Cloud Foundry Environment Variables

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This page describes the environment variables that the Cloud Foundry (CF) runtime and buildpacks set for a deployed app.

Overview

Environment variables are the means by which the CF runtime communicates with a deployed app about its environment.

For information about setting your own app-specific environment variables, see the Environment Variable section of the Deploying with App Manifests topic.

View Environment Variables

Using the Cloud Foundry Command Line Interface (cf CLI), you can run the cf env command to view the CF environment variables for your app. The cf env command displays the following environment variables:

  • The VCAP_APPLICATION and VCAP_SERVICES variables provided in the container environment

  • The user-provided variables set using the cf set-env command

For more information about the cf env command, see env in the cf CLI documentation. For more information about the cf set-env command, see set-env in the cf CLI documentation.

The following example demonstrates the environment variables cf env displays:

$ cf env my-app
Getting env variables for app my-app in org my-org / space my-space as
admin...
OK
System-Provided:

{
 "VCAP_APPLICATION": {
  "application_id": "fa05c1a9-0fc1-4fbd-bae1-139850dec7a3",
  "application_name": "my-app",
  "application_uris": [
    "my-app.192.0.2.34.xip.io"
  ],
  "application_version": "fb8fbcc6-8d58-479e-bcc7-3b4ce5a7f0ca",
  "cf_api": "https://api.example.com",
  "limits": {
    "disk": 1024,
    "fds": 16384,
    "mem": 256
  },
  "name": "my-app",
  "space_id": "06450c72-4669-4dc6-8096-45f9777db68a",
  "space_name": "my-space",
  "uris": [
    "my-app.192.0.2.34.xip.io"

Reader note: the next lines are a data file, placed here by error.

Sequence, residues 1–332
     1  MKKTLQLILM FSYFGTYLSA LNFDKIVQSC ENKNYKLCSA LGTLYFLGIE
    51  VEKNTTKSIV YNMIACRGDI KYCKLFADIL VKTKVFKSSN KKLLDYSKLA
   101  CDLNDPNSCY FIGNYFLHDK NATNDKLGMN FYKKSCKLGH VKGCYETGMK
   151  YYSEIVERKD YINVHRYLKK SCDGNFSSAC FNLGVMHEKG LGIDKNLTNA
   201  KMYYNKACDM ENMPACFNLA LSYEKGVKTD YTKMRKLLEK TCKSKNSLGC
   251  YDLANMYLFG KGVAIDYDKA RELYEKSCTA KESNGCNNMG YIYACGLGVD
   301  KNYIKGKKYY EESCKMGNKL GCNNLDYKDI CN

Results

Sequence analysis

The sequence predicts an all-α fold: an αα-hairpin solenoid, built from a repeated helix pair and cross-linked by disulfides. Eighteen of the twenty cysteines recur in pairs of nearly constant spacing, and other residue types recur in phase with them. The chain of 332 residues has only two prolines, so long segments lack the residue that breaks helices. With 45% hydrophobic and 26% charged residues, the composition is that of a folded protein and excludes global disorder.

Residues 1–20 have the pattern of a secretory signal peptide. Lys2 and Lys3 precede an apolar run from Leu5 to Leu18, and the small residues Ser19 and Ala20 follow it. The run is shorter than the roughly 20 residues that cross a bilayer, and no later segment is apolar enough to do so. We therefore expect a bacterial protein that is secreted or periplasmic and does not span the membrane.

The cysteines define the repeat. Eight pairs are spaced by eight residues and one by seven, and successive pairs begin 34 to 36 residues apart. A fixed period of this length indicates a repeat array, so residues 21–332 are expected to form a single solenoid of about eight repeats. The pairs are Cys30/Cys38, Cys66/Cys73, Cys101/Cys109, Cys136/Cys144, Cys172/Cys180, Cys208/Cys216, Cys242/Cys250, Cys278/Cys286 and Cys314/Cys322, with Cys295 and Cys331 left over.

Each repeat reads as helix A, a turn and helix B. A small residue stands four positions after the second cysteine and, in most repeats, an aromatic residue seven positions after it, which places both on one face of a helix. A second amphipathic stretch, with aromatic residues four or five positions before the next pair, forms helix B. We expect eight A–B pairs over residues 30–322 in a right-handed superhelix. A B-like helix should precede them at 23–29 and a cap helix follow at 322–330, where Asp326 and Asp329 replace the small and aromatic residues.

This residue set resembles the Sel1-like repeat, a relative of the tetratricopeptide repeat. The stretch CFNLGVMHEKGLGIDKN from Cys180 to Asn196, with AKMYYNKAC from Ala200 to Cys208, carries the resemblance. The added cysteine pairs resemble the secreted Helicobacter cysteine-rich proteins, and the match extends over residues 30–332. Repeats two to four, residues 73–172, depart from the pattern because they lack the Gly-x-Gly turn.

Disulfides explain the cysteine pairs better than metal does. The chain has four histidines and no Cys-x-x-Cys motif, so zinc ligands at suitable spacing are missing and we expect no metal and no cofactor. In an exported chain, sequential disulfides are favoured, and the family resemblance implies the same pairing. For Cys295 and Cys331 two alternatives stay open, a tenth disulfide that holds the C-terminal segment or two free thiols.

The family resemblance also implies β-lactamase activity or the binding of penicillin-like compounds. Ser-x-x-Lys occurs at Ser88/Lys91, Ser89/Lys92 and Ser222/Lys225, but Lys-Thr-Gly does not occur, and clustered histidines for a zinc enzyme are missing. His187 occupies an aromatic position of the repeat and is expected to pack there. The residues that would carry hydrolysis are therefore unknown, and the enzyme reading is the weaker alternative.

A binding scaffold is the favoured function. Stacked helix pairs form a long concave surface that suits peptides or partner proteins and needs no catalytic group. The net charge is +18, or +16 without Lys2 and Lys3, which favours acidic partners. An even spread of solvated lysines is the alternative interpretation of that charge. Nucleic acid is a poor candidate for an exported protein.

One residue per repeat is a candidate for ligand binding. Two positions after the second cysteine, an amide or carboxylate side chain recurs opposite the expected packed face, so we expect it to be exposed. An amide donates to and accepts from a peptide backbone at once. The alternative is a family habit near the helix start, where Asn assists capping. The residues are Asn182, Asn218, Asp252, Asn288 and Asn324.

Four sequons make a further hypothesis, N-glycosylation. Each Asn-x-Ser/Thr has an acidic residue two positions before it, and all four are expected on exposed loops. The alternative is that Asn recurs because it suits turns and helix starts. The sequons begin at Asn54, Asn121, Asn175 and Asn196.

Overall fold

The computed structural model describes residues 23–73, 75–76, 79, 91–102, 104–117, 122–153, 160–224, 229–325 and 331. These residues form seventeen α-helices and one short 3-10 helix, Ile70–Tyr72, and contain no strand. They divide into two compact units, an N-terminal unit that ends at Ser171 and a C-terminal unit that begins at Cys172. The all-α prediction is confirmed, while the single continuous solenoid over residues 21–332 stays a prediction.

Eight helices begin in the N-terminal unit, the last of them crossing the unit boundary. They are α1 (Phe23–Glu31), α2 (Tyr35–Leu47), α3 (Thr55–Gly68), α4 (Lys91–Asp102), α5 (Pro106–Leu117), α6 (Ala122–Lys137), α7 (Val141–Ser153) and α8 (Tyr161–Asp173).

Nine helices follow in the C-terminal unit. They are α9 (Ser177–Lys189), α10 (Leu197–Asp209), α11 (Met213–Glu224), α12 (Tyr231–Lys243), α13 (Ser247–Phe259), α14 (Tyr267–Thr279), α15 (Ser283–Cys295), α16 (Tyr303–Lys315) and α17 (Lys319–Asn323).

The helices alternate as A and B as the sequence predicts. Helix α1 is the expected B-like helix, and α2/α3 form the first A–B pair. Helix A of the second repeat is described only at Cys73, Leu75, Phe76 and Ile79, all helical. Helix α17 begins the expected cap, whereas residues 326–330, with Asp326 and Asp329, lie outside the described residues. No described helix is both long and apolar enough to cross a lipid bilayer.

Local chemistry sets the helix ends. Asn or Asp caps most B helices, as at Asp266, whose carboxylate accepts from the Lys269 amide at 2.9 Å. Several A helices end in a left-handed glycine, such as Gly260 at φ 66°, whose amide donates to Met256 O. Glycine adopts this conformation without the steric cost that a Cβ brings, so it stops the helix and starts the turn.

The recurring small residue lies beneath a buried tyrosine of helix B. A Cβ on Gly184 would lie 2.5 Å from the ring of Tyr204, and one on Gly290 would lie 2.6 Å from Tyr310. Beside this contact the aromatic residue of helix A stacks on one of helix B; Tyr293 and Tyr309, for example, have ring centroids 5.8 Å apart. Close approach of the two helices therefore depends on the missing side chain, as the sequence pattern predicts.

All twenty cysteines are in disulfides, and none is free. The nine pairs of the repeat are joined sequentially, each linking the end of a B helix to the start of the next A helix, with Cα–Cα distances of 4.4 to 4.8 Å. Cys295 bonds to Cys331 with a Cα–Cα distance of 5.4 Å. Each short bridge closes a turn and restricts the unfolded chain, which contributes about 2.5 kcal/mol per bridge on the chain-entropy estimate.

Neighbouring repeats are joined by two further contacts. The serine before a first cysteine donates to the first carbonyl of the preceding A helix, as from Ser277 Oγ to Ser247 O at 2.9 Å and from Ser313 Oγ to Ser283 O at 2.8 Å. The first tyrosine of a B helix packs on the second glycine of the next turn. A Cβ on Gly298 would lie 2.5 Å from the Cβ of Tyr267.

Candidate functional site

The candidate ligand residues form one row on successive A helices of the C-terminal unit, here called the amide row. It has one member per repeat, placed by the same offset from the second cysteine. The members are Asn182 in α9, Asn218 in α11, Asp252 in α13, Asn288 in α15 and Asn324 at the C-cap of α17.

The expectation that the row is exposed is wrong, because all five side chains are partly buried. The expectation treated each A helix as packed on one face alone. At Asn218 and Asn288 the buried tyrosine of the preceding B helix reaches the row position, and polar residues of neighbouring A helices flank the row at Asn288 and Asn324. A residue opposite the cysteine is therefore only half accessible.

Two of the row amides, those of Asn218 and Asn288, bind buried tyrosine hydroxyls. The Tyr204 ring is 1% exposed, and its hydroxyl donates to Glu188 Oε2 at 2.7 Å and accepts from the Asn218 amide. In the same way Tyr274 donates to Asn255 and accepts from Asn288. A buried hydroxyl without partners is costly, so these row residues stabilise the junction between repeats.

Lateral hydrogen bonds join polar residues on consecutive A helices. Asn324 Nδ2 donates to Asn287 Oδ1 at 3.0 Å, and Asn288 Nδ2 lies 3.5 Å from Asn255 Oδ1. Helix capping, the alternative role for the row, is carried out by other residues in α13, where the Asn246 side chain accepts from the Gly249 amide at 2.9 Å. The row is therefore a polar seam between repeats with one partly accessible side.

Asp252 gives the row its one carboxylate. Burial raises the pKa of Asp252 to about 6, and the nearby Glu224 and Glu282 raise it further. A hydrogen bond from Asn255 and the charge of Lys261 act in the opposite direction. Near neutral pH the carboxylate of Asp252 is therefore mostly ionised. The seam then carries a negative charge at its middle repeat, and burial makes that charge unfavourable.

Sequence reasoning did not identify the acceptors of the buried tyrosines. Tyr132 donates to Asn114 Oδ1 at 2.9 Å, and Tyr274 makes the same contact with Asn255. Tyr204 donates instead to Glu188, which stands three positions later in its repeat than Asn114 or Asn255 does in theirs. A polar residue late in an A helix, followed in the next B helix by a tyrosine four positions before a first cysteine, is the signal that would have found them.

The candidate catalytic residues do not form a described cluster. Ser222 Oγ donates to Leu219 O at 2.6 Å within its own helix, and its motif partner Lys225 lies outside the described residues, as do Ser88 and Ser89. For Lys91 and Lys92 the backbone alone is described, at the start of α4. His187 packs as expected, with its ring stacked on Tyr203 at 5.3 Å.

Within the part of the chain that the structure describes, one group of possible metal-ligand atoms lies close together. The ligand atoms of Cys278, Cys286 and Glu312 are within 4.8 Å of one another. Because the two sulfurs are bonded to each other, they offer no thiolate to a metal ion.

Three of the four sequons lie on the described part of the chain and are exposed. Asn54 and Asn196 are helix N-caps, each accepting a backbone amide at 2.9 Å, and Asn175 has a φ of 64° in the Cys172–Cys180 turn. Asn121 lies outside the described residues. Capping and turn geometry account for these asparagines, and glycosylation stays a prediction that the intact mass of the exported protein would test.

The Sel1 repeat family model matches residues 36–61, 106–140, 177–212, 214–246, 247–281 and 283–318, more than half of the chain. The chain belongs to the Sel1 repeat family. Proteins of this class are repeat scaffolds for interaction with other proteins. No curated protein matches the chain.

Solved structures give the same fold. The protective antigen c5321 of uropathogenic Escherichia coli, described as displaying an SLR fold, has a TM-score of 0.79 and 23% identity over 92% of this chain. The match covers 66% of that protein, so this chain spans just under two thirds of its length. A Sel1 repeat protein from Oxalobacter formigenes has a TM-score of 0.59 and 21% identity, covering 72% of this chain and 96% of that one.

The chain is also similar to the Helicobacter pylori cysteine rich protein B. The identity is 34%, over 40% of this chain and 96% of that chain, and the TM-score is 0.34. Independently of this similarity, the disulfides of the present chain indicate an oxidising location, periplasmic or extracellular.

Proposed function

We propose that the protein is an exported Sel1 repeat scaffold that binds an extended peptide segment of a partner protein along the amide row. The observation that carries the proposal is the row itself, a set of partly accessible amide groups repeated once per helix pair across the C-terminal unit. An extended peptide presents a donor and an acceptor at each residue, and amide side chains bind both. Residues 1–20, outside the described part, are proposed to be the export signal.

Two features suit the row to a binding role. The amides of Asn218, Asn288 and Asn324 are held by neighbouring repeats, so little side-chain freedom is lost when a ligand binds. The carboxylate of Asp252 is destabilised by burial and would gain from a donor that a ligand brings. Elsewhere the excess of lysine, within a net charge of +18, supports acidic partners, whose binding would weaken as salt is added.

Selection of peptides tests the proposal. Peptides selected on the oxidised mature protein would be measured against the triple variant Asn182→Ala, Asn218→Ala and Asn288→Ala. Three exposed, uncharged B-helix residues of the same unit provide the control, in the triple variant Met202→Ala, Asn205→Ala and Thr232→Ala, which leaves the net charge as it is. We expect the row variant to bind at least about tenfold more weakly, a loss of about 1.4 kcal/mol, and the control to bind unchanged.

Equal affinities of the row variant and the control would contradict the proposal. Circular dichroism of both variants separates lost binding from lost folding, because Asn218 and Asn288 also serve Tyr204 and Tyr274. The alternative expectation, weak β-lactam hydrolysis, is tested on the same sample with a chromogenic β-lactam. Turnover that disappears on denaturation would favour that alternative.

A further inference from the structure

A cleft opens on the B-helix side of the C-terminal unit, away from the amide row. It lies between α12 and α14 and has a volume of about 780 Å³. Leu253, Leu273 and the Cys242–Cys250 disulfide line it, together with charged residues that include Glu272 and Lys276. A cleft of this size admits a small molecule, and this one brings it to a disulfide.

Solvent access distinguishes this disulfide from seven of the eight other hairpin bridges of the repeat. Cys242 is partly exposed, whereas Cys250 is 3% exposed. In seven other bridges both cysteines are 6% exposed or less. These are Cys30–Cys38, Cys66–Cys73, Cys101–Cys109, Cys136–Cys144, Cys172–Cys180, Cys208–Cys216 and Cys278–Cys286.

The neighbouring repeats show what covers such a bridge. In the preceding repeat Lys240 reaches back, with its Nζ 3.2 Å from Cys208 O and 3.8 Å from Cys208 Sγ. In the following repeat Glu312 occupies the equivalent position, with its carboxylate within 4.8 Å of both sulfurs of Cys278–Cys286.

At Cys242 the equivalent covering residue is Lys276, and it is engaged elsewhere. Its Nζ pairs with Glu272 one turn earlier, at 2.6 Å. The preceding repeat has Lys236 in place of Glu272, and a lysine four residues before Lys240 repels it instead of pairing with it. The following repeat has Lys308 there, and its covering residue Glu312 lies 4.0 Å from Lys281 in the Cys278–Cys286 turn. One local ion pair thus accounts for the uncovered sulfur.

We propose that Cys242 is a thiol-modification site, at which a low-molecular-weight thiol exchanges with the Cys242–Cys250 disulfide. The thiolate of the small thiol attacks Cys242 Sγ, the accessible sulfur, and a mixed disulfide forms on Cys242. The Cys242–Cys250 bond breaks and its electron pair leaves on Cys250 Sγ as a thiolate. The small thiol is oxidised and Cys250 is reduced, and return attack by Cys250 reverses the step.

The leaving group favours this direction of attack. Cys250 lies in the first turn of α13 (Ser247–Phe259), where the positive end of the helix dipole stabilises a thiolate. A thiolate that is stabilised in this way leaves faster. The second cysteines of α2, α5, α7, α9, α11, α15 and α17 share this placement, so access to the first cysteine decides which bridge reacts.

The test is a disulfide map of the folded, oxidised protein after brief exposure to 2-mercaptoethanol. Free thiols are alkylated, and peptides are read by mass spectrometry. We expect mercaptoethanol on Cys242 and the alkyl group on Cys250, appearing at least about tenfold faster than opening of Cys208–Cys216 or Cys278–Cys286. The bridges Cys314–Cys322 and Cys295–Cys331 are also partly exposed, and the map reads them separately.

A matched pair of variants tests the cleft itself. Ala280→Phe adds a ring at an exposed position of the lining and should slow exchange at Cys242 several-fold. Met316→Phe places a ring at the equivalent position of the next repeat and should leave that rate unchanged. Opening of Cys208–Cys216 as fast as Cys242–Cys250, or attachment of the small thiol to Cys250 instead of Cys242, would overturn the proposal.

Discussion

],
  "users": null,
  "version": "fb8fbcc6-8d58-479e-bcc7-3b4ce5a7f0ca"
  }
}

User-Provided:
MY_DRAIN: http://drain.example.com
MY_ENV_VARIABLE: 100

App-Specific System Variables

This section describes the environment variables that CF makes available to your app container. Some of these variables are the same across instances of a single app, and some vary from instance to instance.

You can access environment variables programmatically, including variables defined by the buildpack. For more information, see the buildpack documentation for Java, Node.js, and Ruby.

The table below lists the system variables available to your app container.

Environment Variable Running Staging Task
CF_INSTANCE_ADDR x x x
CF_INSTANCE_GUID x x
CF_INSTANCE_INDEX x
CF_INSTANCE_INTERNAL_IP x x x
CF_INSTANCE_IP x x x
CF_INSTANCE_PORT x x x
CF_INSTANCE_PORTS x x x
CF_STACK x
DATABASE_URL x x
HOME x x x
INSTANCE_GUID x
INSTANCE_INDEX x
LANG x x x
MEMORY_LIMIT x x x
PATH x x x
PORT x
PWD x x x
TMPDIR x x
USER x x x
VCAP_APP_HOST x
VCAP_APP_PORT x
VCAP_APPLICATION x x x
VCAP_SERVICES x x x

CF_INSTANCE_ADDR

The CF\_INSTANCE\_IP and CF\_INSTANCE\_PORT of the app instance, in the format IP:PORT.

For example: CF_INSTANCE_ADDR=1.2.3.4:5678

For more information, see CF_INSTANCE_IP and CF_INSTANCE_PORT.

CF_INSTANCE_GUID

The UUID of the app instance.

For example: CF_INSTANCE_GUID=41653aa4-3a3a-486a-4431-ef258b39f042

CF_INSTANCE_INDEX

The index number of the app instance.

For example: CF_INSTANCE_INDEX=0

CF_INSTANCE_IP

The external IP address of the host running the app instance.

For example: CF_INSTANCE_IP=1.2.3.4

CF_INSTANCE_INTERNAL_IP

The internal IP address of the container running the app instance.

For example: CF_INSTANCE_INTERNAL_IP=5.6.7.8